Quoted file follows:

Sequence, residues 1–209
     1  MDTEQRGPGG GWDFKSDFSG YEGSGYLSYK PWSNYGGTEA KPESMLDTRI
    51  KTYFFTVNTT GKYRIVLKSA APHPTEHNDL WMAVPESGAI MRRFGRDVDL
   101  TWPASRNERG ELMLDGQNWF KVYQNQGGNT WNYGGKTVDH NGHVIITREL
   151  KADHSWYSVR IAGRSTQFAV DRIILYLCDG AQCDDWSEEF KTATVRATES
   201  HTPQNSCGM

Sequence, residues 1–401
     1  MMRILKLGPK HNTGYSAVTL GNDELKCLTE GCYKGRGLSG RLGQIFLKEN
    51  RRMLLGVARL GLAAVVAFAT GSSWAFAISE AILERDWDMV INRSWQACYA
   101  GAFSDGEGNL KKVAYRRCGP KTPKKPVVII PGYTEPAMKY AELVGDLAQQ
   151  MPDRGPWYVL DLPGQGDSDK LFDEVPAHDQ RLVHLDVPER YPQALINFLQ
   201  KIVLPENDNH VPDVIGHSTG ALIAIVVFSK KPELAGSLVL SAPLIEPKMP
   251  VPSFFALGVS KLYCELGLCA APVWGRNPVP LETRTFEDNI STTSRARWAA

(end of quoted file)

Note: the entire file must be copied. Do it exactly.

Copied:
Sequence, residues 1–209
     1  MDTEQRGPGG GWDFKSDFSG YEGSGYLSYK PWSNYGGTEA KPESMLDTRI
    51  KTYFFTVNTT GKYRIVLKSA APHPTEHNDL WMAVPESGAI MRRFGRDVDL
   101  TWPASRNERG ELMLDGQNWF KVYQNQGGNT WNYGGKTVDH NGHVIITREL
   151  KADHSWYSVR IAGRSTQFAV DRIILYLCDG AQCDDWSEEF KTATVRATES
   201  HTPQNSCGM

Sequence, residues 1–401
     1  MMRILKLGPK HNTGYSAVTL GNDELKCLTE GCYKGRGLSG RLGQIFLKEN
    51  RRMLLGVARL GLAAVVAFAT GSSWAFAISE AILERDWDMV INRSWQACYA
   101  GAFSDGEGNL KKVAYRRCGP KTPKKPVVII PGYTEPAMKY AELVGDLAQQ
   151  MPDRGPWYVL DLPGQGDSDK LFDEVPAHDQ RLVHLDVPER YPQALINFLQ
   201  KIVLPENDNH VPDVIGHSTG ALIAIVVFSK KPELAGSLVL SAPLIEPKMP
   251  VPSFFALGVS KLYCELGLCA APVWGRNPVP LETRTFEDNI STTSRARWAA